Feeling powerful? Good! The key, of course, is to determine which genes are encoded, which are undesirable, which dietary and lifestyle factors “trigger” them, and then avoid those. That sounds easy enough, right?

What if a variety of diseases and disorders are encoded? For instance, what if a patient is obese, which leads to type 2 diabetes, and eventually heart disease? Or what if a patient suffers from both depression and anxiety?

GOOD NEWS! The same diet works for every disease!

But there’s another caveat: this is only true at the start. You see, all humans are born needing the same basic provisions: food, shelter, water, air, and space (just like all living things). And not surprisingly, like other species, all humans have the same nutritional requirements, at the start of life. Unfortunately, as we live, and exercise our free will to form food and lifestyle patterns, based primarily on preference, rather than requirement, we tend to throw the balance off and alter our individual DNA and, thus, our needs. If addressed, ideally, we all land back on the same plane once again, eating our shared and natural human diet.

What is this diet? It’s a whole-food, plant-based diet. Ounce for ounce, plants pack more nutrients and fewer calories than meat, meaning you can eat much more, and feel less heavy or lethargic. And while animal proteins are loaded with saturated fat and cholesterol, plants contain both the macro- and micronutrients necessary for metabolic function, and therefore every function, with minimal fat and zero cholesterol.

Nutrients are found in vivid and varied colors, for instance: carotenoids are present in orange and yellow foods, like carrots, pumpkin, and sweet potato; antioxidants are abundant in dark berries, such as blueberries, blackberries, raspberries, and strawberries; vitamins A, C, E, and K, comingle with potassium, fiber, iron, calcium, and protein in nearly all dark leafy greens; nuts, seeds, grains, and pulses contain fiber, iron, protein, and monounsaturated fats, which help lower LDL cholesterol, and raise HDL cholesterol, as well as regulate blood sugar.

Animal products offer protein and iron. Food products like red meat, poultry, fish, eggs, and dairy have negative health implications far beyond fat and cholesterol, however.

Consuming animal protein has an acidifying effect on the blood, which weakens the endothelial walls of the blood vessels, risking collapse and blockages. This also allows free radicals to enter the bloodstream, resulting in oxidation. Free radicals form when we are exposed to environmental toxins in our food, air, or water, in our work environments, and in our homes. Pollutants can include heavy metals, pesticides, herbicides, fungicides, cigarette smoke, industrial waste and chemicals, household cleaners, and food additives.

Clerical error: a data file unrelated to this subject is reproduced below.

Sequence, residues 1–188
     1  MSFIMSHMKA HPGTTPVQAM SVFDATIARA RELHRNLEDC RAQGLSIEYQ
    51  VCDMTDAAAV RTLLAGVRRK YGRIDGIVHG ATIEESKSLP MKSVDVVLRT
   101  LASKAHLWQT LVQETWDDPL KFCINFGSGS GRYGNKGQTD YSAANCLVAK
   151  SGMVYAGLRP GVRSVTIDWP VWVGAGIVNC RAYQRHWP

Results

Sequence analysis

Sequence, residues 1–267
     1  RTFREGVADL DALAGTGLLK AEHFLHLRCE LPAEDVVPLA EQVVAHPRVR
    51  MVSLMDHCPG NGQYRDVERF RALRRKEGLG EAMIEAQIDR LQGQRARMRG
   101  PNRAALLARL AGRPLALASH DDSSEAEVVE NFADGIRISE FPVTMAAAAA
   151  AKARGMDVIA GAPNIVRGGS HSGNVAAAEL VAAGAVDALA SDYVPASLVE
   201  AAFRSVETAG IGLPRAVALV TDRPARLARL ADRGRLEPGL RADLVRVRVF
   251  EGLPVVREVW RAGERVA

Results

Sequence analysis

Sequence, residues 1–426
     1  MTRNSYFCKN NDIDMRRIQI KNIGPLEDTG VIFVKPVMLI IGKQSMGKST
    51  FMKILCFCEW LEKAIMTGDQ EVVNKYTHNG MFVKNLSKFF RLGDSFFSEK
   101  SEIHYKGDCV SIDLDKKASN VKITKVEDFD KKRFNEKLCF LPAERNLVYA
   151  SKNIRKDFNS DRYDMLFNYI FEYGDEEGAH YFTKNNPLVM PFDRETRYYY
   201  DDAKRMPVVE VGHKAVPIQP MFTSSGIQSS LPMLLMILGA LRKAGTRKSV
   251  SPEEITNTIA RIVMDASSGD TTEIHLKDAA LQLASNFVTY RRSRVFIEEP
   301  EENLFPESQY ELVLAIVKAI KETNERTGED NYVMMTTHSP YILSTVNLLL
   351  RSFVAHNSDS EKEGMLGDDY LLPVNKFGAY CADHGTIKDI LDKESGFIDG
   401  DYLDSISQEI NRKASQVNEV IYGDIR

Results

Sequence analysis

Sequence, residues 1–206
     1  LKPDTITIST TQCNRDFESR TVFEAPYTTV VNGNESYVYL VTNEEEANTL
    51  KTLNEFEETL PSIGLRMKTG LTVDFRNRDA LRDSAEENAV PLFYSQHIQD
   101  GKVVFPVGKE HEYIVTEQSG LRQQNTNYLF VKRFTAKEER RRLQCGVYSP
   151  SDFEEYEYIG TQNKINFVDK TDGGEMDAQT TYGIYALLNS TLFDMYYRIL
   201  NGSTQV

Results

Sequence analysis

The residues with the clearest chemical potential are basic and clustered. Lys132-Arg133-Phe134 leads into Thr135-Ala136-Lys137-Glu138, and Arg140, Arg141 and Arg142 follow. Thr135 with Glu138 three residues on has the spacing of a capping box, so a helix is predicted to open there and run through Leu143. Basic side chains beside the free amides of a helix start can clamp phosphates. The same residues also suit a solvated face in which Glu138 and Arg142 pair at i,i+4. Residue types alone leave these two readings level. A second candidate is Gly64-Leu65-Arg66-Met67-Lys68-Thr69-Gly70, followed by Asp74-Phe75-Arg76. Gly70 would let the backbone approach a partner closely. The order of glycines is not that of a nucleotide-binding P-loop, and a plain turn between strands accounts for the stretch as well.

In addition to weakening the arteries, free radicals cause damage to fat cells and immune cells, storing dangerous hormone loads, and compromising the body’s defense systems. Free radical damage, or oxidation, has thus been linked to most (chronic) diseases, such as heart disease, arthritis, and diabetes, as well as every degenerative disease including cancer, cataracts, and the aging process itself. [5]

With our limited ability to control our exposure to environmental toxins, it is imperative that we greatly reduce their adverse effects, by incorporating antioxidants, the phytochemicals in plants, into our diets.

If we can’t control our environments, can’t we at least take control of our food?

1. The British Medical Journal, Medical error – the third leading cause of death in the US, Martin A. Makary, professor; Michael Daniel, fellow.
2. WHO Technical Report Series No. 916. Diet, nutrition, and the prevention of chronic diseases. 2002.
3. Chemical risks and the JECFA. Food and Agriculture Organization of the United Nations. 1958-2016.
4. Journal of Applied Physiology. 109:243-251. 2010. Oscar Aguilera, Augustine F. Fernandez, Alberto Munoz, and Mario F. Fraga.
5. International Journal of Biomedical Science, Free Radicals, Antioxidants, in Disease and Health, Lien Ai Pham, Hua He, and Chuong Pham-Huy.

Julie Loveless is a Certified Nutrition Therapist. She may be reached at

Sandi Tomlin-Sutker
Written by Sandi Tomlin-Sutker